By Josh White
Washington Post Staff Writer
Wednesday, August 30, 2006
The platoon commander for the squad of Marines who killed as many as two dozen Iraqi civilians during an attack in Haditha last year recommended later that the sergeant who led the attack receive a medal for his heroism that day, according to military documents.
Lt. William T. Kallop wrote in a praise-filled memo that the incident on Nov. 19, 2005, was part of a complex insurgent ambush that included a powerful roadside bomb followed by a high volume of automatic-weapons fire from several houses in the neighborhood. He lauded Sgt. Frank Wuterich for his leadership in the "counterattack" on three houses while the unit received sporadic enemy fire.
The proposed citation indicates that Kallop -- the only Marine officer at the scene as the incident unfolded -- believed the unit was under a coordinated insurgent attack when Marines stormed civilian homes and opened fire, killing women and children. Whether Marines felt threatened and believed the homes to be hostile is a central element of their defense against potential criminal charges.
The documents offer one of the first public accounts of the incident from Kallop, 25, a University of Virginia graduate and New York City native. Kallop does not explicitly address the civilian deaths in his summary of the incident, which gives detailed support for Wuterich's combat actions from September to December 2005.
Representatives for Kallop, who was promoted to first lieutenant in May, could not be reached for comment yesterday. He is one of numerous Marines who are the subject of a Naval Criminal Investigative Service investigation into civilian deaths in the Haditha attack, which has alternately been characterized as a vengeful massacre and as the unfortunate collateral damage of war. None has been charged so far.
Neal A. Puckett, an attorney for Wuterich, provided the documents and the Marine's regular fitness report dated Jan. 19 to The Washington Post, saying they support his client's version of events, and show that officers in the unit believe Wuterich and the other Marines did the right thing in the Haditha attack. Wuterich has since been promoted to staff sergeant. The award was approved by the Kilo Company commander and was sent to battalion and, later, regimental headquarters before being put on hold at the division level, Puckett said.
Lt. Col. Scott Fazekas, a Marine Corps spokesman, said Marine officials found no record of the award. Fazekas also declined to discuss the Haditha incident.
While residents in the Iraqi neighborhood have said the Marines went from house to house in a rage, killing civilians in cold blood, Kallop complimented Wuterich on his calm demeanor and suggested that the incident led the Marines to valuable intelligence. Kallop arrived on the scene after the initial explosion.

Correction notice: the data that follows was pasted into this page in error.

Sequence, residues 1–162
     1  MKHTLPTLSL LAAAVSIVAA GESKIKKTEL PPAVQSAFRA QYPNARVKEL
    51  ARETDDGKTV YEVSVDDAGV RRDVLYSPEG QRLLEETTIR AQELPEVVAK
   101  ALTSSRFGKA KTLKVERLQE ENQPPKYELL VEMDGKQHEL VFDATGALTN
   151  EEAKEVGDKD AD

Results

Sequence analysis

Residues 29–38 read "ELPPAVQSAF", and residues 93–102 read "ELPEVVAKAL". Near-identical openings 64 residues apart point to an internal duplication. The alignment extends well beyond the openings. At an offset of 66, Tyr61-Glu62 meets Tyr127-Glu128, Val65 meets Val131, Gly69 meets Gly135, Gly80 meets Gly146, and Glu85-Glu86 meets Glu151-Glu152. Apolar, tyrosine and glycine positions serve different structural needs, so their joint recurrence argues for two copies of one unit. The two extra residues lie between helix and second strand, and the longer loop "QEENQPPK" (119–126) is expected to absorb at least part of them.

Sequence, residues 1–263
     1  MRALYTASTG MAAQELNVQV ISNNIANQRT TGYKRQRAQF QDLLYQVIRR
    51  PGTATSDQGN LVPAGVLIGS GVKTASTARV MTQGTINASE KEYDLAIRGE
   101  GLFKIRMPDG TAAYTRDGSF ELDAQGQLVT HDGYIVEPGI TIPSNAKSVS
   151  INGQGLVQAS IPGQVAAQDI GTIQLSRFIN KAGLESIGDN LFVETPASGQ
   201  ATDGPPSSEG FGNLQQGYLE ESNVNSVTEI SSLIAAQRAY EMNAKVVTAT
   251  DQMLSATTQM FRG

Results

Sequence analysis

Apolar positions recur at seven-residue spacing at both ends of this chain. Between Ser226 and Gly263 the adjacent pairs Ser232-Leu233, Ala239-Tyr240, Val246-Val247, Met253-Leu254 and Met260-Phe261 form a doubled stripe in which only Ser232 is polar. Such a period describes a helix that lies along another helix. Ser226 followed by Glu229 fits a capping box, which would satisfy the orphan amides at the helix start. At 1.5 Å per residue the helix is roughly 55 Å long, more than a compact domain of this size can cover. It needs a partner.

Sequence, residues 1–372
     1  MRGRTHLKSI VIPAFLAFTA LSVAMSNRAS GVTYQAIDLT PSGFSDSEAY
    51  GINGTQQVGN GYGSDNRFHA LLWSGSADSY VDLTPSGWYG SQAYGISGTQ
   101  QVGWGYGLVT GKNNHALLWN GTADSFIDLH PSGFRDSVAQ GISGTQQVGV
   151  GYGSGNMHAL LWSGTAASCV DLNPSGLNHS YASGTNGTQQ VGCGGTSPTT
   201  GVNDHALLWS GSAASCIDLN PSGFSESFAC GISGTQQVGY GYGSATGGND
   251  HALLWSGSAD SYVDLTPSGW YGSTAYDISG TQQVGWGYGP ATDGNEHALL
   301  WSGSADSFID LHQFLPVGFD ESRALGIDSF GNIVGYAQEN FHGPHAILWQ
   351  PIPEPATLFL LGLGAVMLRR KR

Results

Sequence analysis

"Sgt. Wuterich ensured that he had 360 degree security and led a counterattack on the buildings to his south where his Marines were still receiving sporadic fire from," Kallop wrote in support of a Navy and Marine Corps Achievement Medal with a combat distinguishing device for Wuterich. "That counterattack turned the tide of the ambush and killed a number of insurgents still attempting to fight or attempting to flee the area."
In a summary of the incident, officials wrote that Wuterich's decisiveness "doubtlessly prevented further injury or death to fellow Marines and innocent civilians."
Puckett said Kallop approved the assault in the midst of battle: "This was a planned and orchestrated attack by insurgents, and the Marines were responding in accordance with their rules."
While it is possible that the Marines concocted a story after the shootings, Kallop's recommendation and the fitness report were completed in January, weeks after the incident but months before a criminal investigation was launched in March. Senior officials have said an investigation looking into command responsibility has concluded that officers should have been more diligent in investigating the shootings.
John Sifton, a senior researcher at Human Rights Watch, said there is no doubt that civilians were killed in Haditha and that the real question is whether the shootings were accidental or intentional. He said Kallop's account notably does not describe the civilian deaths.
"Our concern has been that when a bunch of civilians get killed and there are a bunch of questions about it, why didn't the military ask those questions at the beginning?" Sifton said. "The issue is not solely Haditha; it's whether the military has the ability to police itself."
Kallop described the response to the bomb attack as successful, largely because it led to the arrest of 18 people, which in turn led to the capture of more insurgents who were "complicit in the ambush."
Researcher Julie Tate contributed to this report.